Whenever we hear about exercise and diet, we always hear the word 'health' attached to any diet or exercise regime. However, I have come to realise that the term is meaningless to people.
Here is the definition as outlined by the World Health Organisation.
Health is a state of complete physical, mental and social well-being and not merely the absence of disease or infirmity.
I have a question for the next expert who says, "eat a healthy diet," or "try to be healthy." WHAT ON EARTH ARE YOU TALKING ABOUT!! Seriously, if health means different things to people, how does what you are saying translate to their interpretation of health. For some people, heart disease may have affected them or people they know, so when information comes out about diet and heart disease, it may mean something to those affected. However, I know that for many, it doesn't have the same meaning (if any), so the message is irrelevant. Some people don't want to live to 100. Some don't care about heart disease. Instead of trying to drive a square peg through a round hole, we need to find out what health means to people instead of them expecting to care about things they don't care about.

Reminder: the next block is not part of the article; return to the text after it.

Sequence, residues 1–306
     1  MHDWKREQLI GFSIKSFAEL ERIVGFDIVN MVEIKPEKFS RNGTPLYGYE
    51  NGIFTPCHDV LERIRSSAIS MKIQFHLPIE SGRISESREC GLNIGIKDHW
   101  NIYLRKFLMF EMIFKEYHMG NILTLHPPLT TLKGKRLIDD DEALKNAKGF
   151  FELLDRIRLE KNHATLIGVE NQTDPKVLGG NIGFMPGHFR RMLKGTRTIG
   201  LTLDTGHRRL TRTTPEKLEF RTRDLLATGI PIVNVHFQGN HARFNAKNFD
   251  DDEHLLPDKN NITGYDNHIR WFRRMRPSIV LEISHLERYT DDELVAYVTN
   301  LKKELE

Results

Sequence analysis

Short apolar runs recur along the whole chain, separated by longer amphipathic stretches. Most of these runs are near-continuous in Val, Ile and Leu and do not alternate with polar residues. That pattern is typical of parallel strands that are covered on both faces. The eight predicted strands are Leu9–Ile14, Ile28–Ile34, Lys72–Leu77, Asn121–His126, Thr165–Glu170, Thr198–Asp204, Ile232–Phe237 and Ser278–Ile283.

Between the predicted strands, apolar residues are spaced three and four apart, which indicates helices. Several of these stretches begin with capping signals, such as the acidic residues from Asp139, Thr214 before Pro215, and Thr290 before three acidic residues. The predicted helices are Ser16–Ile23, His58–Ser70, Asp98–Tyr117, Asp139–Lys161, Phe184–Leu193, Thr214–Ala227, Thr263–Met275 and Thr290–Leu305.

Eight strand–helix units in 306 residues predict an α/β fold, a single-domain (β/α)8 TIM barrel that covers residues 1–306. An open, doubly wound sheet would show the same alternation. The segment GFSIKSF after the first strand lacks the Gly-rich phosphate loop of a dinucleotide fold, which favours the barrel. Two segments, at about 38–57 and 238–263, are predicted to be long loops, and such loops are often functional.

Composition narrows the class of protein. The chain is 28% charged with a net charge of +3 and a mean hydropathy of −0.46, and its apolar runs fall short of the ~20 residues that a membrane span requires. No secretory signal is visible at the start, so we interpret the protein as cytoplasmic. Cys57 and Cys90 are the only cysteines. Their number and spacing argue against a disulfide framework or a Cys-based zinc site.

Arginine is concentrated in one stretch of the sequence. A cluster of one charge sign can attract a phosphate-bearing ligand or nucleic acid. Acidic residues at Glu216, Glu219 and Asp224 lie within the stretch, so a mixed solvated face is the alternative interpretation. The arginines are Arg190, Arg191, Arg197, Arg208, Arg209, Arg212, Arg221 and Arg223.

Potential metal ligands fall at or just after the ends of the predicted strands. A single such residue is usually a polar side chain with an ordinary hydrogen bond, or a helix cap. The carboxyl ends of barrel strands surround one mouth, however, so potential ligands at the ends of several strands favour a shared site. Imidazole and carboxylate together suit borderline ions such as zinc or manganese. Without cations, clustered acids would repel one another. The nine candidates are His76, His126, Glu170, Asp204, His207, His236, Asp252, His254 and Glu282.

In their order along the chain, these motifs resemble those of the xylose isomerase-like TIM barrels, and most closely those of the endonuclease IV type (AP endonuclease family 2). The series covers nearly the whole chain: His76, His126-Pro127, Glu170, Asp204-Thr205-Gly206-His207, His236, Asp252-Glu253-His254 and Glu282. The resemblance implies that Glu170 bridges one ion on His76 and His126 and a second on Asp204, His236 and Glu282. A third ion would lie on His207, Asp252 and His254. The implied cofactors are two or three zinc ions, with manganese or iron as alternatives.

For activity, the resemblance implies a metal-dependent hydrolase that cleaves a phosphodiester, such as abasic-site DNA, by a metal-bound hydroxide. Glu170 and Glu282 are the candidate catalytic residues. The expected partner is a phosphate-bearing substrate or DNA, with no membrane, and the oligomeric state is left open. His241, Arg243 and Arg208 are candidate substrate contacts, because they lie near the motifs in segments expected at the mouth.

Here are some of the things clients say are what health means to them.
1. Being able to choose clothes that aren't at the end of the rack in the section labelled, "this is all we've got in your size."
2. Having the flexibility to cut toenails.
3. Being able to play with grandchildren.
4. Feeling your body moves with less restriction.
5. Having more energy.
6. Having a better sex life.
7. Being able to see your abs.
8. Offsetting your lifestyle.
9. Your children not calling you fat anymore.
10. Not having debilitating digestive discomfort when you eat or drink.
11. Feeling more like yourself.
12. Having regular bowel movements that don't have a 1 mile fallout zone.
13. Not having skin complaints.
14. Getting in shape so you are more attractive to other people.
15. Getting ill less.
None of these directly involve improving health in the way it is portrayed by the media or doctors, but it will indirectly affect your health status, but first it will address what is most important to the individual. This is what makes people happy, not following a diet that will make you live to 100. So don't ever feel guilty or silly if your goals don't seem as 'rational' as other people's goals. If it makes you happy, trust me, it is having a positive impact on your health.